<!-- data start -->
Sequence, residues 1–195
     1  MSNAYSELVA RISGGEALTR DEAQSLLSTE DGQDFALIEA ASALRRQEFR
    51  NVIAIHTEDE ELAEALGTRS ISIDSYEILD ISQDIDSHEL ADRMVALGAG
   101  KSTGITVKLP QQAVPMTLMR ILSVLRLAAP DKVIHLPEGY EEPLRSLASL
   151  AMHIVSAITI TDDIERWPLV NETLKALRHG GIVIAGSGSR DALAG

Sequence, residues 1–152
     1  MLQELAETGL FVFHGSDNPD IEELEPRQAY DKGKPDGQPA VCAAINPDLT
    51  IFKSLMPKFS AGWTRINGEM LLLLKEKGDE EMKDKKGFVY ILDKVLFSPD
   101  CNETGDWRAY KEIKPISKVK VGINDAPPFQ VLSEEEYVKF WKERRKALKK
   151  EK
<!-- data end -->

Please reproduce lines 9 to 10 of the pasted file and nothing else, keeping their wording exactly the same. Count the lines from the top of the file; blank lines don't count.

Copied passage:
   101  CNETGDWRAY KEIKPISKVK VGINDAPPFQ VLSEEEYVKF WKERRKALKK
   151  EK